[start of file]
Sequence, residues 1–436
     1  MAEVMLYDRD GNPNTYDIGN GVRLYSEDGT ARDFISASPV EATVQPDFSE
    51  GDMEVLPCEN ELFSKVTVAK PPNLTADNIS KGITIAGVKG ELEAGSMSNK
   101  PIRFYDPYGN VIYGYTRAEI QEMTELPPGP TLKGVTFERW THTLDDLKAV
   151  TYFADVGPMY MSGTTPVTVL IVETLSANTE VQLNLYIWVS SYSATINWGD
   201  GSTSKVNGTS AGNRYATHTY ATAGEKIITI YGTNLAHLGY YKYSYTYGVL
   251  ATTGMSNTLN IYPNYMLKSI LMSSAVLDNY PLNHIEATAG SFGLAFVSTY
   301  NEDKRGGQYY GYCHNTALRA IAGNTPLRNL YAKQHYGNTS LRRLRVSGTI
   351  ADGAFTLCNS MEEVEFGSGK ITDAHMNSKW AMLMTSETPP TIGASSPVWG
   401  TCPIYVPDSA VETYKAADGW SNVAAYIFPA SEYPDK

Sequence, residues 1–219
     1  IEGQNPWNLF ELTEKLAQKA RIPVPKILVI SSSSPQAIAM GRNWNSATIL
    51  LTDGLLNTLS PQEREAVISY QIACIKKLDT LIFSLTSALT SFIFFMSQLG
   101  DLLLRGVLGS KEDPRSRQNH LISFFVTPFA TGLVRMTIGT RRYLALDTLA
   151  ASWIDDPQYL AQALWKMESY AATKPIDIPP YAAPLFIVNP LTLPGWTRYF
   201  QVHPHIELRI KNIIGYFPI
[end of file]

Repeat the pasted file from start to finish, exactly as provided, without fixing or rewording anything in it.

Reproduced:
Sequence, residues 1–436
     1  MAEVMLYDRD GNPNTYDIGN GVRLYSEDGT ARDFISASPV EATVQPDFSE
    51  GDMEVLPCEN ELFSKVTVAK PPNLTADNIS KGITIAGVKG ELEAGSMSNK
   101  PIRFYDPYGN VIYGYTRAEI QEMTELPPGP TLKGVTFERW THTLDDLKAV
   151  TYFADVGPMY MSGTTPVTVL IVETLSANTE VQLNLYIWVS SYSATINWGD
   201  GSTSKVNGTS AGNRYATHTY ATAGEKIITI YGTNLAHLGY YKYSYTYGVL
   251  ATTGMSNTLN IYPNYMLKSI LMSSAVLDNY PLNHIEATAG SFGLAFVSTY
   301  NEDKRGGQYY GYCHNTALRA IAGNTPLRNL YAKQHYGNTS LRRLRVSGTI
   351  ADGAFTLCNS MEEVEFGSGK ITDAHMNSKW AMLMTSETPP TIGASSPVWG
   401  TCPIYVPDSA VETYKAADGW SNVAAYIFPA SEYPDK

Sequence, residues 1–219
     1  IEGQNPWNLF ELTEKLAQKA RIPVPKILVI SSSSPQAIAM GRNWNSATIL
    51  LTDGLLNTLS PQEREAVISY QIACIKKLDT LIFSLTSALT SFIFFMSQLG
   101  DLLLRGVLGS KEDPRSRQNH LISFFVTPFA TGLVRMTIGT RRYLALDTLA
   151  ASWIDDPQYL AQALWKMESY AATKPIDIPP YAAPLFIVNP LTLPGWTRYF
   201  QVHPHIELRI KNIIGYFPI